Ericsson And The International Rescue Committee Join Forces To Transform Humanitarian Response
Ericsson and the IRC partner on frontline response to improve disaster and crisis response using mobile technology:
First projects to focus on Ebola and refugee reconnection.
Partnership will include joint projects, advocacy, knowledge-sharing and employee volunteer engagement.
Ericsson and the International Rescue Committee (IRC) announced a multi-faceted partnership aimed at connecting and providing support for those impacted by health, natural disaster and conflict-driven humanitarian crises.
The partnership initially will focus on the use of mobile phones and applications designed to support Ebola infection-prevention efforts at primary healthcare facilities in Liberia and Sierra Leone. Specifically, the technology will enable IRC teams to more accurately and efficiently capture and monitor data related to the facilities’ Ebola preparedness and response.
The partnership also will provide technology and services that enable displaced families to reconnect with one another. Longer term, the organizations will collaborate on employee volunteer engagement, common projects, advocacy and knowledge-sharing.
David Miliband, President and CEO of IRC, says: “The combination of IRC’s operational expertise and Ericsson’s technology leadership has huge potential to help alleviate human suffering in some of the places hardest hit by conflict and disease. Ericsson’s global reach and proven track record in using technology for good will be a huge asset in future relief efforts.”
Elaine Weidman-Grunewald, Vice President Sustainability and Corporate Responsibility at Ericsson, says: “The world of humanitarian response is challenged like never before. The spread of Ebola, the Syrian refugee crisis and less high-profile crisis in South Sudan all present different challenges to those working with humanitarian response.”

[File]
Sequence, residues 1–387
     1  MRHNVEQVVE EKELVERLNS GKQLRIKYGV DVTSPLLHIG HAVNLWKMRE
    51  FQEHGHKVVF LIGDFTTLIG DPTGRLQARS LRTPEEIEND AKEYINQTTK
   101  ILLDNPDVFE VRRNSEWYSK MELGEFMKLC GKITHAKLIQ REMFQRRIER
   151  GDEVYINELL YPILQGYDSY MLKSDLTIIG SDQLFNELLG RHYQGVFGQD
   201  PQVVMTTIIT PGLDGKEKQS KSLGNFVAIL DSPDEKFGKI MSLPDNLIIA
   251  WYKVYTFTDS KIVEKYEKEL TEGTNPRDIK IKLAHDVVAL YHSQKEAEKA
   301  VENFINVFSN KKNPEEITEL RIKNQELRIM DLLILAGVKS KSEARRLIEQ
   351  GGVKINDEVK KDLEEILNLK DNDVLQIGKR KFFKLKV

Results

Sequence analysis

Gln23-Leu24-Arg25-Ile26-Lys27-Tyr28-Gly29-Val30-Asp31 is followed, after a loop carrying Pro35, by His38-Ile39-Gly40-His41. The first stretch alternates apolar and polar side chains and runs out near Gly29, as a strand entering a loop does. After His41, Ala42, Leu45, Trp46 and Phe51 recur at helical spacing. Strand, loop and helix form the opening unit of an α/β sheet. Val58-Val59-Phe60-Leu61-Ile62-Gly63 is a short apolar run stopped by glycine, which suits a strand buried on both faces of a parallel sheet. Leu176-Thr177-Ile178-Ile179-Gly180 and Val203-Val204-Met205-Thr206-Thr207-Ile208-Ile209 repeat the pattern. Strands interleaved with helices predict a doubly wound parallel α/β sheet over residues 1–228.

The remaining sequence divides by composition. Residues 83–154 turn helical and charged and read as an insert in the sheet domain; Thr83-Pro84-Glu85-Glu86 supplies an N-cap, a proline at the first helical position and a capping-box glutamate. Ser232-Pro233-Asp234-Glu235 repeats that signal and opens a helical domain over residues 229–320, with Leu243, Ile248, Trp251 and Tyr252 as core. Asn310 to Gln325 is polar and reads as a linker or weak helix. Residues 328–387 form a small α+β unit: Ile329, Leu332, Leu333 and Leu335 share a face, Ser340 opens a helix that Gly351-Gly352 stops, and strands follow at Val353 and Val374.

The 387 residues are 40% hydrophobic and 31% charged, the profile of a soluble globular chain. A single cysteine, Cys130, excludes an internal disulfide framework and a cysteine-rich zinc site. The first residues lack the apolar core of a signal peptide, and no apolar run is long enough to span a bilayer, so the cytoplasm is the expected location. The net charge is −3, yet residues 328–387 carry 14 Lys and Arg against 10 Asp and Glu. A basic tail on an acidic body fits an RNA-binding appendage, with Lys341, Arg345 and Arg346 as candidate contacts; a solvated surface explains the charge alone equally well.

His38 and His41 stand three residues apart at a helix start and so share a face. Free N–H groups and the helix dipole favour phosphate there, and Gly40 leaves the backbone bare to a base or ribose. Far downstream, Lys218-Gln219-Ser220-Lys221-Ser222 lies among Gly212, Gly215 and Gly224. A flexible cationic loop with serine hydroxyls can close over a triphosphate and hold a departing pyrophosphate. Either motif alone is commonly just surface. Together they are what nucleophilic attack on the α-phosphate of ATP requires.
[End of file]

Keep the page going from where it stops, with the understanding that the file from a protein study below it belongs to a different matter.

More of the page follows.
ICT can play a critical role in responding to conflict and disaster, and effective communications contribute both to saving lives and alleviating suffering. Technology is increasingly seen as a way to improve the effectiveness of humanitarian response. Working in public-private partnership with IRC to leverage our respective strengths will help create real impact on the ground.”
About The International Rescue Committee
The International Rescue Committee helps people whose lives and livelihoods are shattered by conflict and disaster to survive, recover, and gain control of their future. IRC teams provide health care, infrastructure, learning and economic support to people in 40 countries, with special programs designed for women and children. Every year, the IRC resettles thousands of refugees in 22 U.S. cities. Learn more at Rescue.org and follow the IRC on Twitter & Facebook.
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